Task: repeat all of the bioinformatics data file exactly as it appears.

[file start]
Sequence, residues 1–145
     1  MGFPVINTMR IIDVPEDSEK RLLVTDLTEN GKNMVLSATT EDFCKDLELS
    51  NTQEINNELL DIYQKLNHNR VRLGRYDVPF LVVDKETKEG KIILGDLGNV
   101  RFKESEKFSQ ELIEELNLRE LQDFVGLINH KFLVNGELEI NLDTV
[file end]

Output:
Sequence, residues 1–145
     1  MGFPVINTMR IIDVPEDSEK RLLVTDLTEN GKNMVLSATT EDFCKDLELS
    51  NTQEINNELL DIYQKLNHNR VRLGRYDVPF LVVDKETKEG KIILGDLGNV
   101  RFKESEKFSQ ELIEELNLRE LQDFVGLINH KFLVNGELEI NLDTV